Perhaps the apparently incongruous remarks from Oracle president Mark Hurd foretell a shift in direction for his company. That was my thought when I read ReadWrite‘s piece, “Red Hat to Oracle: Have You Tried Free?” However, writer Matt Asay seems to see Hurd’s comments as either hypocritical or simply odd. What comments, you ask? Ah, let me back up.
Asay compares two posts that appeared on a LinkedIn blog platform a few weeks apart. The first, from Red Hat‘s CEO Jim Whitehurst, describes the way his company succeeds through the sale of affordable but valuable add-ons to open source projects. The key, he says, is creating an equation in which both customer and vendor benefit. We’re all for that.
Soon thereafter, Oracle’s Hurd contributed a post that appears to favor the open source approach by suggesting organizations adopt newer, cheaper technology. This despite the fact that his company seems to embody the very opposite of that concept. Asay explains:
“Hurd’s post is somewhat surreal. Basically, it reads like an anti-Oracle screed, talking up the need for CIOs to do more with less, talking down legacy enterprise apps and infrastructure, but conveniently overlooking the fact that it Oracle that dominates IT budgets—and not in a good way. He derides applications and their underlying infrastructure that are 20 years old (some of Oracle’s applications are 20 years old and its database is even older), insisting that ‘they require enormous funding to keep them fed and watered—and that’s why there’s nothing left over for innovation.’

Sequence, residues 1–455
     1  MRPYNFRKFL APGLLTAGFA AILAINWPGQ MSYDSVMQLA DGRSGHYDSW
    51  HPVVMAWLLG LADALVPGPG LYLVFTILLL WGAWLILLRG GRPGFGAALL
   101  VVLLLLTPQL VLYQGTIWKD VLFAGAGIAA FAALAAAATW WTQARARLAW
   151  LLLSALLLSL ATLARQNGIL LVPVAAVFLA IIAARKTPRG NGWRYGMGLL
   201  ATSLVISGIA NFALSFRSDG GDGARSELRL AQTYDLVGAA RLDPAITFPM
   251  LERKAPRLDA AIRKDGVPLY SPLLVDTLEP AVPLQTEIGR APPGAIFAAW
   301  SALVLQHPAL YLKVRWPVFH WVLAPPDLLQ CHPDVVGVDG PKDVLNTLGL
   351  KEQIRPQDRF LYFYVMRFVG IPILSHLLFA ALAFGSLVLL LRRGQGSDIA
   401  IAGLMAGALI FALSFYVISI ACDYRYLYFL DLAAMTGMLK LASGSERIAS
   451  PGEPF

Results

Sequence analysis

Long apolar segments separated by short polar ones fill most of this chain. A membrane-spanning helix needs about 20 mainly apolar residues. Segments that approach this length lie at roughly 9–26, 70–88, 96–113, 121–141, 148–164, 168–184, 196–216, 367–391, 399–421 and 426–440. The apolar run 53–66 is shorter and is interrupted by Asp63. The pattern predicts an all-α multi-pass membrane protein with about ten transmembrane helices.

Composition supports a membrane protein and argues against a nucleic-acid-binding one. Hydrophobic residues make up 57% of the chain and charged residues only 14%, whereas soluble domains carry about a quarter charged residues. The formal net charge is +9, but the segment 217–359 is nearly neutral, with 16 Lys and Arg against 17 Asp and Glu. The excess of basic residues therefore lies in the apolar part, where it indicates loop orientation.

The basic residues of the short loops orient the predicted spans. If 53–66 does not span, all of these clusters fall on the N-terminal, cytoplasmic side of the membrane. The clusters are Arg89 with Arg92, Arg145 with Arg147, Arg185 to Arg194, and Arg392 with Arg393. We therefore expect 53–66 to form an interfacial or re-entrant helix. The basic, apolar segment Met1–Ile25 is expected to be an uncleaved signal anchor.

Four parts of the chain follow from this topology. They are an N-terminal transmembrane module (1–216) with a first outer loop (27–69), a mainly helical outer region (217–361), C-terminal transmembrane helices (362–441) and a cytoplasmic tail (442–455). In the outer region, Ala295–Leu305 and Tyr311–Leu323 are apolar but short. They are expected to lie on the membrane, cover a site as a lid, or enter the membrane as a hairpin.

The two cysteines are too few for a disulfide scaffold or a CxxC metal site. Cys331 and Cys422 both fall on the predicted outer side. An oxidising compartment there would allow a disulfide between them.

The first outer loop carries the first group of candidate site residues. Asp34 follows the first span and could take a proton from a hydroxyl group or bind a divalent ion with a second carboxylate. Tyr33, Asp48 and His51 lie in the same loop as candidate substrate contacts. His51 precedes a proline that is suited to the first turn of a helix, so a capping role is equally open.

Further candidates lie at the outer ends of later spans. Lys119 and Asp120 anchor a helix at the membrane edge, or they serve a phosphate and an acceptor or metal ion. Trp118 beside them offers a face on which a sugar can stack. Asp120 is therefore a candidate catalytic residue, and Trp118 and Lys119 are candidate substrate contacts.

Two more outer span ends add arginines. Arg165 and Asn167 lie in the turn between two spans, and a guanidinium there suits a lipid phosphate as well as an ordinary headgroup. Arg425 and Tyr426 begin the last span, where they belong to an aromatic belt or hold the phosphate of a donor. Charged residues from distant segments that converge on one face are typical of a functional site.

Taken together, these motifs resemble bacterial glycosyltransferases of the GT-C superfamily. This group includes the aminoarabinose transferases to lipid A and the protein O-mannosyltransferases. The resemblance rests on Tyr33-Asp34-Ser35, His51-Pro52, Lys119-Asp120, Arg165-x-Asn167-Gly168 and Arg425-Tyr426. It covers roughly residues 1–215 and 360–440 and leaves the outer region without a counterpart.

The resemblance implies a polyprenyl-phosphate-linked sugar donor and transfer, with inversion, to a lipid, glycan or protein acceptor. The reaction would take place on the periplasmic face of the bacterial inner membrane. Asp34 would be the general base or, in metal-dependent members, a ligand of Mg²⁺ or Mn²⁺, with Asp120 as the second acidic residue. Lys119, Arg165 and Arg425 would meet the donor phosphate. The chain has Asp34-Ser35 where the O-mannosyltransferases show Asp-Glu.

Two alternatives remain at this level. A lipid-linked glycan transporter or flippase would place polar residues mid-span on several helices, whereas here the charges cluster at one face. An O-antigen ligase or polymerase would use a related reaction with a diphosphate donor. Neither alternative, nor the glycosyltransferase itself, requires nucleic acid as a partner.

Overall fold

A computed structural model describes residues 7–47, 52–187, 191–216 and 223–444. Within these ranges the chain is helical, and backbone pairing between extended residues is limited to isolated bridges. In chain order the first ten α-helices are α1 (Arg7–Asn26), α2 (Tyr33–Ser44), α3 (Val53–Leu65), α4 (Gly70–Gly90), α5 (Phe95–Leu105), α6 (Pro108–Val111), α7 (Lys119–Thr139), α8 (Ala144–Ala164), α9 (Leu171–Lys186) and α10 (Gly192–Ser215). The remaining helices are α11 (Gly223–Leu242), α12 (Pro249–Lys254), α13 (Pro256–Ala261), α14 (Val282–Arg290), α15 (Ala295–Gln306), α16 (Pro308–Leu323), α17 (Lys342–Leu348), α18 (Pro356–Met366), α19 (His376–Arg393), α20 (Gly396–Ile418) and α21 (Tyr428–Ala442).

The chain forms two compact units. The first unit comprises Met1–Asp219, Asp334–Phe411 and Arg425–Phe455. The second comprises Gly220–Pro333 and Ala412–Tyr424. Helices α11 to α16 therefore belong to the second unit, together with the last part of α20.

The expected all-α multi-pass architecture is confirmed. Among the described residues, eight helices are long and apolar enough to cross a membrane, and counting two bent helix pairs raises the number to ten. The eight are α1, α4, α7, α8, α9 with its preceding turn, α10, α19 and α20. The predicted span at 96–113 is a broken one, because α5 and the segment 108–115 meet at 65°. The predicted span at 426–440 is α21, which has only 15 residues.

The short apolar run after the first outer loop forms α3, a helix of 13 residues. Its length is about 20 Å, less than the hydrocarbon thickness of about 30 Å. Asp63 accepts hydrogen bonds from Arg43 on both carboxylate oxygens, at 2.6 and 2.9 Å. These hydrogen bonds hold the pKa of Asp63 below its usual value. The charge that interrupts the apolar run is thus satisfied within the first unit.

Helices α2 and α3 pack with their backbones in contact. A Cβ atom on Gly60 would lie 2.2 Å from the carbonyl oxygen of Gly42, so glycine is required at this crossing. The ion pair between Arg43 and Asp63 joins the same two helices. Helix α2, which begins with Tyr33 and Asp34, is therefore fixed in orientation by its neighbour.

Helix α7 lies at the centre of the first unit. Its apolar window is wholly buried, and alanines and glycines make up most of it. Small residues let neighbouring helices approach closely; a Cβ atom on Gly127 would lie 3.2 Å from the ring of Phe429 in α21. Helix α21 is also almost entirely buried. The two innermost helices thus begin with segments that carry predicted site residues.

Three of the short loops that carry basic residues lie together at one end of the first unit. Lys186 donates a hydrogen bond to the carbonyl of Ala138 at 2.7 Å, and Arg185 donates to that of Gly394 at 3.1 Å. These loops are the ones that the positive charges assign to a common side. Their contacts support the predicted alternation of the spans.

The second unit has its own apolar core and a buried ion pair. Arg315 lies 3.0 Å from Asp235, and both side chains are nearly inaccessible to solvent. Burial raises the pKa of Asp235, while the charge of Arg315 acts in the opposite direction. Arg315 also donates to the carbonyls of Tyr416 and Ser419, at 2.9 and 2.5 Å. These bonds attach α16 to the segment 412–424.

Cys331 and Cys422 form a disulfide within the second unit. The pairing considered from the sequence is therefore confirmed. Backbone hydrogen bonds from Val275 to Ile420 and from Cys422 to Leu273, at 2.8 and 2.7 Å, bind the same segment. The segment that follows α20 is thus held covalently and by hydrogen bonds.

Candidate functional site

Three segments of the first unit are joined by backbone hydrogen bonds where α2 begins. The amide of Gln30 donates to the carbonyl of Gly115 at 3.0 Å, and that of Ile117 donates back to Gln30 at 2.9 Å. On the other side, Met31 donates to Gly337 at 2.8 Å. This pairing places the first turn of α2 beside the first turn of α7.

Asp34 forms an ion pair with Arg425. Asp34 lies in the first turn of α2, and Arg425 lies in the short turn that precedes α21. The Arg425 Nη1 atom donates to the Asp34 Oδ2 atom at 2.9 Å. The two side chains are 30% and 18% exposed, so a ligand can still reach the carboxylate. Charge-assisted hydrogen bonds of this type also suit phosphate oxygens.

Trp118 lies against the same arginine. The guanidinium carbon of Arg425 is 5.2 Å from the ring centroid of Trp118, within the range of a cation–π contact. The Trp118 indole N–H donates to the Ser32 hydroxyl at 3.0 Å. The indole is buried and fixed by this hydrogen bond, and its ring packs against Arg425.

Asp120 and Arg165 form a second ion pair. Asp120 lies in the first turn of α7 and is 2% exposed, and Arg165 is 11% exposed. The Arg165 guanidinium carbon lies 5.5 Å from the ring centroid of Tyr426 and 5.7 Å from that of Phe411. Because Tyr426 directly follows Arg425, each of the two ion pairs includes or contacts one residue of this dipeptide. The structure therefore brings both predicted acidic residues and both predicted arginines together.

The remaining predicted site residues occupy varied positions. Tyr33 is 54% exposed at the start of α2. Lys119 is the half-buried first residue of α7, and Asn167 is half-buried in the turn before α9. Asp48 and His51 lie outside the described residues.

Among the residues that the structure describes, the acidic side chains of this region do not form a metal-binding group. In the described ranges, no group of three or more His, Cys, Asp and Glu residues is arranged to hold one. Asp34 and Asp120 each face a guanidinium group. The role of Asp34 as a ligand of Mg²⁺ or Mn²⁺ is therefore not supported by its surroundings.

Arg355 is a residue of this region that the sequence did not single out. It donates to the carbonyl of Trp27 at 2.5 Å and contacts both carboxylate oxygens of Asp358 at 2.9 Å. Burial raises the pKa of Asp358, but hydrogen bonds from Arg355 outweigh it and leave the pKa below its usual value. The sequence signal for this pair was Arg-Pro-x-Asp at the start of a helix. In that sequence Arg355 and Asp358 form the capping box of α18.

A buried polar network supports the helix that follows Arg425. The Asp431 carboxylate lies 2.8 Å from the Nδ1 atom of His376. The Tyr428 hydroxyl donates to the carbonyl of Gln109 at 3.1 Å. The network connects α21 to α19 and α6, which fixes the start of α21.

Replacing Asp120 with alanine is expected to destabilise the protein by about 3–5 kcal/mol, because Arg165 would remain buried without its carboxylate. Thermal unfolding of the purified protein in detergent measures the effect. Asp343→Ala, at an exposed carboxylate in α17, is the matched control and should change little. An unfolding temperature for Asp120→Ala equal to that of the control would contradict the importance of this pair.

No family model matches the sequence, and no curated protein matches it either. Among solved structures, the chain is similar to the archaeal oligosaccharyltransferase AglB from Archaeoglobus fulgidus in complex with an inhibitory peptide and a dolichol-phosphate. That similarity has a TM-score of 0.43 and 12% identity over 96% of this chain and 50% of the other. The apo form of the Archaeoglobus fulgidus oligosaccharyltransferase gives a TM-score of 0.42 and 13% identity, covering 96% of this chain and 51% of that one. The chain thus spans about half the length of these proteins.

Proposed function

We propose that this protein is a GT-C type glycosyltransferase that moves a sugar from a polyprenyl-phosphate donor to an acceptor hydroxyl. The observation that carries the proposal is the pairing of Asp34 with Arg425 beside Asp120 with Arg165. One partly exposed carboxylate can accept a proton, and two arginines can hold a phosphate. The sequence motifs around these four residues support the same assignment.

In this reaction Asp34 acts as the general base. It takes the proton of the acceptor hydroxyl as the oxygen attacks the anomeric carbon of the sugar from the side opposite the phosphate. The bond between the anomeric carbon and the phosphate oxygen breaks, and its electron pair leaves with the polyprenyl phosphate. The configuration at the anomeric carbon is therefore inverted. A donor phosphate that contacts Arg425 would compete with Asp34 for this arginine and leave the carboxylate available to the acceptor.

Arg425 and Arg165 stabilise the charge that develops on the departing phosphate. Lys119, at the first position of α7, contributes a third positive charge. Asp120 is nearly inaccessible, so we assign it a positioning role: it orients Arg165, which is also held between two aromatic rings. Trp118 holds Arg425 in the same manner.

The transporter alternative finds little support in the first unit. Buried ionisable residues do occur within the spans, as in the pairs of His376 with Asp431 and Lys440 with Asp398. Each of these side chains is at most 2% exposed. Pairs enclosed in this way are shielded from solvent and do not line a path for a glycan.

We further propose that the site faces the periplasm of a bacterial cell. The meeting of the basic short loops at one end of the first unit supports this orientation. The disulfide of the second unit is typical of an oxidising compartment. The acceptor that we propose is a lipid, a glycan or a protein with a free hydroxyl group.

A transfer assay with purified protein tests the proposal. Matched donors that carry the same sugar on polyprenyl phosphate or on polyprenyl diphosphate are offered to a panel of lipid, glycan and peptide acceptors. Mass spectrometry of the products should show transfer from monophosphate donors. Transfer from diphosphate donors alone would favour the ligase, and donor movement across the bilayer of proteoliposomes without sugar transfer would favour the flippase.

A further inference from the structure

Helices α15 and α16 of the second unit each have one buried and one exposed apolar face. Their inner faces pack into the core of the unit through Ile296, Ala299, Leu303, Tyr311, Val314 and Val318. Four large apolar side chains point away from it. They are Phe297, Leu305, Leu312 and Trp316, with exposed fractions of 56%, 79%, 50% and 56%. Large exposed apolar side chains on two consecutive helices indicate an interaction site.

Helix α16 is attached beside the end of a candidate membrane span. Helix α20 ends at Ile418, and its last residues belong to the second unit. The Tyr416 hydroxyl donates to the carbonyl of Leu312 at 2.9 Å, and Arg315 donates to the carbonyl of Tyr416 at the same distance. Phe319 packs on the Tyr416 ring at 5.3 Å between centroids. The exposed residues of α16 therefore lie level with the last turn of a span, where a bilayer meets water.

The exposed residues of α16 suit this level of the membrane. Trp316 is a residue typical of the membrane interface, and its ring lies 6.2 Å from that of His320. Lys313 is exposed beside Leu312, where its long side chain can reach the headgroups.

“According to Gartner’s recently released vendor rating for Oracle, Hurd should know. The Redwood Shores giant gets positive marks for its technology, and improved ratings on support. The one area that it went from bad to worse? Pricing.”
Yes, that Gartner vendor rating also shows that—what with price increases, complex license metrics, and ballooning audits—dealing with Oracle gives IT buyers plenty of headaches. Asay cites those increased audits as evidence that the company is trying to get the most from existing contracts, probably because more businesses are indeed turning to newer, cheaper options. He also calls Hurd’s post “audacious” for suggesting that the cost of outdated systems is hampering businesses, since much of that legacy comes straight from Oracle. See the article for more of Asay’s analysis.
But what if Hurd is really signaling a change of course? Perhaps the company will embrace the open source model. If so, is it too late for Oracle to catch up to companies like Red Hat? Another burning question: will open source revenue now fund America’s Cup yachts?
Cynthia Murrell, September 29, 2013
Phi Beta Iota: This is real simple. Oracle, IBM, Google, Microsoft, all headed for a crash.